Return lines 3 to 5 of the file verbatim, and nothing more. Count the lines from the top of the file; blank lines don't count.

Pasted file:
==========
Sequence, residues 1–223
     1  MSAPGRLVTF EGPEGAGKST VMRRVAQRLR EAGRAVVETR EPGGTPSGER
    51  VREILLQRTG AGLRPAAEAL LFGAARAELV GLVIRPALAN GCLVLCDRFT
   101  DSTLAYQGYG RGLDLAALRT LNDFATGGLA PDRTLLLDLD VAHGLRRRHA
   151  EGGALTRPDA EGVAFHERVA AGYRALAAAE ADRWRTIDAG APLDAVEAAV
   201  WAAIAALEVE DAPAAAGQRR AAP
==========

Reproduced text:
    51  VREILLQRTG AGLRPAAEAL LFGAARAELV GLVIRPALAN GCLVLCDRFT
   101  DSTLAYQGYG RGLDLAALRT LNDFATGGLA PDRTLLLDLD VAHGLRRRHA
   151  EGGALTRPDA EGVAFHERVA AGYRALAAAE ADRWRTIDAG APLDAVEAAV